CBS Claims Human Smuggling At Border ‘Is More Complex’

News & Politics

On CBS Saturday Morning, host Dana Jacobson sat down to discuss the border crisis with anthropology Prof. Jason De Leon, where the duo also hyped his new book on human smuggling. Both host and author claimed the issue “is more complex” than simply viewing the smugglers as bad guys who take advantage of people.

Jacobson reported, “The business of human smuggling, according to the Department of Homeland Security, is a multibillion dollar industry, run by criminal organizations intent on taking advantage of vulnerable people. The story de Leon tells is more complex.”

De Leon differentiates between smugglers and traffickers. For him, a smuggler is working within a consensual agreement with the person seeking to cross the border, whereas a trafficker is not. He therefore claimed, “I can write a story about how they’re the bad guys in this whole scenario and all they do is brutalize migrants, but if you think about the realities, if smugglers only brutalized migrants, the system wouldn’t function, and so I went into it telling myself that, you know, what can I find that’s relatable, it’s not trying to humanize smugglers, it’s working from the assumption that they are human first and that they just happen to be in this brutal occupation.”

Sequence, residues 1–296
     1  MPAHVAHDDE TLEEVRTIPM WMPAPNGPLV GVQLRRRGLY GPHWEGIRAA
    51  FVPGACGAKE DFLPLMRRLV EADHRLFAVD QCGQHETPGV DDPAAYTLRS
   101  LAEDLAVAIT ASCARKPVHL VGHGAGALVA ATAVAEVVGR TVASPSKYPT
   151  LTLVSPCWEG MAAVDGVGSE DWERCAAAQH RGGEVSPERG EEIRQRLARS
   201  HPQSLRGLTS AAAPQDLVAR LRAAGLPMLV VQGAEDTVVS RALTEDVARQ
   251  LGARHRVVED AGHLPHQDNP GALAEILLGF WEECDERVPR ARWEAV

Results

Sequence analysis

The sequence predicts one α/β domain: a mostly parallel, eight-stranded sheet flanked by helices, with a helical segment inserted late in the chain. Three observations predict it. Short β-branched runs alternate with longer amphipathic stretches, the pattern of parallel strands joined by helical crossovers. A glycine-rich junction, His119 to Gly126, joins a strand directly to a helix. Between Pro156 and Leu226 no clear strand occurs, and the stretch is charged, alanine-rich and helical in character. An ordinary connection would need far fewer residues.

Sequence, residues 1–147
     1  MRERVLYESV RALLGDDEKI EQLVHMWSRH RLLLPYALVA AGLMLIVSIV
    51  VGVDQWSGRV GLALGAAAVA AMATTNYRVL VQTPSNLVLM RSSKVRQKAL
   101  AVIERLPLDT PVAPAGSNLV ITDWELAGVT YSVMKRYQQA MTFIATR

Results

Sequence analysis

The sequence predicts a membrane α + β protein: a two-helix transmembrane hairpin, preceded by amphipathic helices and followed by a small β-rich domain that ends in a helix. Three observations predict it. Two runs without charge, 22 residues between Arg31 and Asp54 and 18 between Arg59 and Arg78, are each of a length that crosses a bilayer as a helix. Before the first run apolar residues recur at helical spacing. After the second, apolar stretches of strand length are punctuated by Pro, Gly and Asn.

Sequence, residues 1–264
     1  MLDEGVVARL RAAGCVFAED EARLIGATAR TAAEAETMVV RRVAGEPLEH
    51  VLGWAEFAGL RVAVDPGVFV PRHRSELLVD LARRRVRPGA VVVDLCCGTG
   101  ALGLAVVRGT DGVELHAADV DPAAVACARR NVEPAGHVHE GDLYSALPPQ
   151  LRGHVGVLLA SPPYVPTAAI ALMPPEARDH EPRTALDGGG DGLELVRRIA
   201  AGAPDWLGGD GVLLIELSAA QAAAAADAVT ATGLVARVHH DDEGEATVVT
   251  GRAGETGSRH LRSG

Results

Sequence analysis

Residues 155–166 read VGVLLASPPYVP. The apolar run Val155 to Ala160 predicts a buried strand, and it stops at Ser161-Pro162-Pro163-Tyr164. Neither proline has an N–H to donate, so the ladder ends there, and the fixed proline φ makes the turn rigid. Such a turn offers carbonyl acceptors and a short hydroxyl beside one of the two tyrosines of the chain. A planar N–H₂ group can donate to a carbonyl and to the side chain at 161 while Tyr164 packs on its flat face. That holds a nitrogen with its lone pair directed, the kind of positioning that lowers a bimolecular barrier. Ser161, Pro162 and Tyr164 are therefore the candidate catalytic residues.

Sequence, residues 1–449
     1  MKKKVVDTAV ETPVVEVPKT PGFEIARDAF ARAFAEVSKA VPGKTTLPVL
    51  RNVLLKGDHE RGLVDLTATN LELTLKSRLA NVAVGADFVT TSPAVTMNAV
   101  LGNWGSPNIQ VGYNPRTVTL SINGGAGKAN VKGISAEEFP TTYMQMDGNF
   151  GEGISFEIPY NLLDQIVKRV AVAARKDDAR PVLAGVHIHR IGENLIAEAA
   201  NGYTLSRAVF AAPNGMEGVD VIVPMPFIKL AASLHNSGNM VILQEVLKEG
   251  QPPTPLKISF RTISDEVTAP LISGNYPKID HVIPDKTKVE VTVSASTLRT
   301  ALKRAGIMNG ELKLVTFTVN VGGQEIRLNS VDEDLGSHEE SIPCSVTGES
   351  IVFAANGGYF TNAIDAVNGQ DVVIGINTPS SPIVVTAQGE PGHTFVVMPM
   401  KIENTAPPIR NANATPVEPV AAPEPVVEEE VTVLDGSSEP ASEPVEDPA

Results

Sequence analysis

Jacobson then claimed that smugglers and migrants face the same set of challenges, “The low-level smugglers de Leon met said issues like poverty and gang violence had driven them out of Honduras. The same issues many migrants also face.” 

She then asked, “You talk about smuggling and think what you write, it’s violent, it exploits people, but that it’s also a symptom of a larger problem. What is that larger problem?”

That does not sound complex at all. In fact, de Leon would spend much of the rest of the time portraying smuggling as a get-rich-quick scheme. He also blamed things such as climate change for the crisis, “We need to think about why are people migrating in the first place, and you know, why does the United States have an insatiable appetite for cheap, undocumented labor that we rarely acknowledge, and as long as you need the labor and as long as climate is changing and making places unlivable, those smugglers are going to stay in business and just make more money off of this whole process.”

After de Leon warned the crisis is not going to end any time soon, Jacobson added, “A future de Leon hopes can be made easier by considering different perspectives and the humanity of everyone involved.”

De Leon concluded by lamenting, “The approaches that we’ve been using to deal with these problems have clearly been ineffective for decades and yet we just don’t seem to want to get smarter about this stuff… You can build whatever border wall you want. There are desperate people on the other side who are willing to die to save themselves, to save their family, and then there are smugglers who are willing to make a buck on that in all kinds of different ways, so that will just keep the system, kind of, going forever.”